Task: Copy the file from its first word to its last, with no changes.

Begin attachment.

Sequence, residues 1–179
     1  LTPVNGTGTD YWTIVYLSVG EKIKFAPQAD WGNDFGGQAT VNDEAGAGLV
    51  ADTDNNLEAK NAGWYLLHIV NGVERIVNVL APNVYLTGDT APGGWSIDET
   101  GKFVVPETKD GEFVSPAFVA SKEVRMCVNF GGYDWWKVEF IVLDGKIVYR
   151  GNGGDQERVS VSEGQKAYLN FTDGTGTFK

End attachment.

Sequence, residues 1–179
     1  LTPVNGTGTD YWTIVYLSVG EKIKFAPQAD WGNDFGGQAT VNDEAGAGLV
    51  ADTDNNLEAK NAGWYLLHIV NGVERIVNVL APNVYLTGDT APGGWSIDET
   101  GKFVVPETKD GEFVSPAFVA SKEVRMCVNF GGYDWWKVEF IVLDGKIVYR
   151  GNGGDQERVS VSEGQKAYLN FTDGTGTFK